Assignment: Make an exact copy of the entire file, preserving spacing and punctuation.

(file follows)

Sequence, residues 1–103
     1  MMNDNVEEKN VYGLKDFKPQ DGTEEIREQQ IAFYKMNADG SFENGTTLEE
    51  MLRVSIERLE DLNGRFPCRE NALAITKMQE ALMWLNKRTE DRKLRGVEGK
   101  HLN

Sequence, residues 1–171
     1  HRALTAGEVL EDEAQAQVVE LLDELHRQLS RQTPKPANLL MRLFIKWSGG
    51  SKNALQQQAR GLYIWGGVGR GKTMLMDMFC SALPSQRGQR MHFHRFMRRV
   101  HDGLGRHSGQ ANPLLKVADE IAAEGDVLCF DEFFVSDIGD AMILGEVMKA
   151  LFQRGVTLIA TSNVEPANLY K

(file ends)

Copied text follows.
Sequence, residues 1–103
     1  MMNDNVEEKN VYGLKDFKPQ DGTEEIREQQ IAFYKMNADG SFENGTTLEE
    51  MLRVSIERLE DLNGRFPCRE NALAITKMQE ALMWLNKRTE DRKLRGVEGK
   101  HLN

Sequence, residues 1–171
     1  HRALTAGEVL EDEAQAQVVE LLDELHRQLS RQTPKPANLL MRLFIKWSGG
    51  SKNALQQQAR GLYIWGGVGR GKTMLMDMFC SALPSQRGQR MHFHRFMRRV
   101  HDGLGRHSGQ ANPLLKVADE IAAEGDVLCF DEFFVSDIGD AMILGEVMKA
   151  LFQRGVTLIA TSNVEPANLY K